Business unprepared for flu-flood winter
Through several recent winters, British news has been dominated by scenes of towns and villages under floodwater, and there has been plenty of understandable discussion about human misery but little reflection on the cost and damage to businesses. Yet that damage can be widespread when it affects not only businesses in the path of the flood but those whose employees are unable to get into work ... and whilst the businesses under water may be covered by insurance, those that cannot function because of staff shortages just have to get on with it.
The environment agency is this year warning that one in six homes is at risk of flooding*. That also means the potential for one in six employees to be unable to get into work.
But this coming winter also offers the threat of swine flu. The present strain of swine flu may (so far) be quite mild but as autumn and winter set in, even the mild form is expected to generate as many as 100,000 new cases a day, with the official NHS advice being that for any suspected flu, even mildly affected patients must stay at home**.
“This winter, flu and flood together could lead to widespread employee absenteeism,” says Gary Wilson. “But few, if any, businesses are even thinking of such disruption let alone planning for it, despite the fact that it could cost them dear; indeed, it could devastate a smaller business!”
The key to surviving flood and flu disruption, believes Wilson, is to recognise that with just a little advance preparation, many employees could continue working from home. “As long as they plan for home working,” continues Wilson, “many businesses can carry on almost as normal.”
Leaving it until disaster strikes is not an option. “Advance planning means identifying how home working can be implemented: ensuring that employees will have access to a computer, of course, and ensuring there will be a broadband connection; if flooding is the risk and phone lines could go down, this may entail setting up a mobile internet connection.”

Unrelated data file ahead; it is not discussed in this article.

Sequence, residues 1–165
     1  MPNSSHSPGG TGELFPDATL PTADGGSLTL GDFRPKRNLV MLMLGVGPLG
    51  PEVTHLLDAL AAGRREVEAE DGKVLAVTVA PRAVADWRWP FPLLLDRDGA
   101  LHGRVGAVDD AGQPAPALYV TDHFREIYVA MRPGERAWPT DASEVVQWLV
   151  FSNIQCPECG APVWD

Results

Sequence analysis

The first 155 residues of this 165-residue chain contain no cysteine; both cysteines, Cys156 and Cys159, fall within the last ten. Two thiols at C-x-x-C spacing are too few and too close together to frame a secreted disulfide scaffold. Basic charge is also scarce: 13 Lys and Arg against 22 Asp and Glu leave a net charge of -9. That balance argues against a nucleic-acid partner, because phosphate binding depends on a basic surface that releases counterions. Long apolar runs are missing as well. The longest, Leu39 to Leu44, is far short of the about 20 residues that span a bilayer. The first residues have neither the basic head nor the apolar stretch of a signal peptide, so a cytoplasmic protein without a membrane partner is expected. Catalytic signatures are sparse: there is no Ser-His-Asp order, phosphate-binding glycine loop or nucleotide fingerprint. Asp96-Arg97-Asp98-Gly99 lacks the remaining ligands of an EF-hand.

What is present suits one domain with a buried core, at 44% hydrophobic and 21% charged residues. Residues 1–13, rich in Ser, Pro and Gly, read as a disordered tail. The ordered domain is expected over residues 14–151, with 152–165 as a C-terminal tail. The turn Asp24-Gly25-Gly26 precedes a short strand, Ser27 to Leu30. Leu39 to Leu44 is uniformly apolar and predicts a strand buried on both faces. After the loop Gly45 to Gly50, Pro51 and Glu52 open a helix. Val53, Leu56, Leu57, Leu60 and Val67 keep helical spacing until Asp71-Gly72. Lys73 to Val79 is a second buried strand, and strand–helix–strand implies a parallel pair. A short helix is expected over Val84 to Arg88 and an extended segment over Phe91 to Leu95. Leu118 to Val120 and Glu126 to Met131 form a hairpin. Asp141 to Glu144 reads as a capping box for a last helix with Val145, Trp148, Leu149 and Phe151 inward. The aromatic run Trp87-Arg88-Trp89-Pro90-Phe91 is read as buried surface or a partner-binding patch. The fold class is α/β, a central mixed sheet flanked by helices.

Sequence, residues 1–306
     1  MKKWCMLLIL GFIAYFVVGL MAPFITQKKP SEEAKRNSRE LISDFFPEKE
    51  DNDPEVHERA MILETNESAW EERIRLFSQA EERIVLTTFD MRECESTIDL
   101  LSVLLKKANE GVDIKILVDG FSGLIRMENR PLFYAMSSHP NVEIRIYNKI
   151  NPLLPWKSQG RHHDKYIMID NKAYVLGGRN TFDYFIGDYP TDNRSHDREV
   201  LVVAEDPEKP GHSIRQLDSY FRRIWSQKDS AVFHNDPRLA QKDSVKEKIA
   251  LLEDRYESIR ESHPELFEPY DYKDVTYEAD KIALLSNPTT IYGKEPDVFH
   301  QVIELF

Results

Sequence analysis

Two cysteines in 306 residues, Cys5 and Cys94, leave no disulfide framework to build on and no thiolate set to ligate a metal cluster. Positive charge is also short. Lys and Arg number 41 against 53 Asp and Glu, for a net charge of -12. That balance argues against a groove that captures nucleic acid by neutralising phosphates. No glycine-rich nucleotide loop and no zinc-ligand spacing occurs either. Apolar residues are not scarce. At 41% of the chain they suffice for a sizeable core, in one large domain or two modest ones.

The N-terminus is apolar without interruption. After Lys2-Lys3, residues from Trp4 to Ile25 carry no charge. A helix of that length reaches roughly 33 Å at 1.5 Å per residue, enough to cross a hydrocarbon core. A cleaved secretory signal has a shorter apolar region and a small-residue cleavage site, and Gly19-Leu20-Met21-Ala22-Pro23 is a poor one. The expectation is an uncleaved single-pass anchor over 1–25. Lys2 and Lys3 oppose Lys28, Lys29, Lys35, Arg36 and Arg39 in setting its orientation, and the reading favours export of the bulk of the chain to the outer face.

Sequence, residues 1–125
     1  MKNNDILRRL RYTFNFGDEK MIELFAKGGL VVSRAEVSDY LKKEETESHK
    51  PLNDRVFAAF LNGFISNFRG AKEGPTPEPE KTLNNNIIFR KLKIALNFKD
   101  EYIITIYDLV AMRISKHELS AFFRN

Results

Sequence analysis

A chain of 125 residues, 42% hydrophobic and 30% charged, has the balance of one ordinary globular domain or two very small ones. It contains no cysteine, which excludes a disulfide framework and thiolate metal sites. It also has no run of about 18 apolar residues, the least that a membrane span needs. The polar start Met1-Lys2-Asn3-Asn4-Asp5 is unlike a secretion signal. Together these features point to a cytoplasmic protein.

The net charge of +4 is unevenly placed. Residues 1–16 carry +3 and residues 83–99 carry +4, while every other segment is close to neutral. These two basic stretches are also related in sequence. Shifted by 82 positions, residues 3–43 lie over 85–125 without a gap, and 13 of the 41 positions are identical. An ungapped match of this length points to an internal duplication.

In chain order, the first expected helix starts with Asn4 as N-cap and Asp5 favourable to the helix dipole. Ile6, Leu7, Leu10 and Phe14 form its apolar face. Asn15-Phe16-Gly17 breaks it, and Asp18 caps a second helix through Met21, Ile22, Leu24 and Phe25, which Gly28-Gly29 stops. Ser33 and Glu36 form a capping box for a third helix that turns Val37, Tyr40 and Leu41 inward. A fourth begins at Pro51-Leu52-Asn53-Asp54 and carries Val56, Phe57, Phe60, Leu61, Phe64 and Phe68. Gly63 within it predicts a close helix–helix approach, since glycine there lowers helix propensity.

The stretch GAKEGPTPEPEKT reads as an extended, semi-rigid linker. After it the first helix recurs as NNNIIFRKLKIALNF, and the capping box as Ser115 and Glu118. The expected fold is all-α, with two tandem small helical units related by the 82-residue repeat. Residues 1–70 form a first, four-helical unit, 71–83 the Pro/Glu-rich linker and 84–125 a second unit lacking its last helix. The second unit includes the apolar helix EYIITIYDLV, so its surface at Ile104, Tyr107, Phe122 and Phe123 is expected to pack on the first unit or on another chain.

“But a connected computer isn’t enough on its own,” advises Wilson. “They can only carry on if there’s a properly secure connection between the remote computer and the company servers, coupled to a system for monitoring employee activity. Without those, the business must either panic and throw caution to the wind, or lock remote employees out and prevent them from doing the jobs they’re capable of doing.”
Such connections are Coldbeancreations’ speciality. Its e-HomeOffice product is a small piece of software which sits on the remote computer to provide a secure connection between home and office, ensuring that all data sent between the two is encrypted and that the employee’s activities are monitored and logged. e-HomeOffice means peace of mind when it comes to security and employee supervision.
“A little forethought and a small investment in the right resources could make all the difference if disaster strikes,” concludes Wilson. “The twin threats of flu and flood must be treated with deadly seriousness but need not spell disaster.”
e-HomeOffice is described more fully on the Coldbeancreation website at http://www.coldbeancreations.com .
- ends -
Notes for editors
For further information, please contact: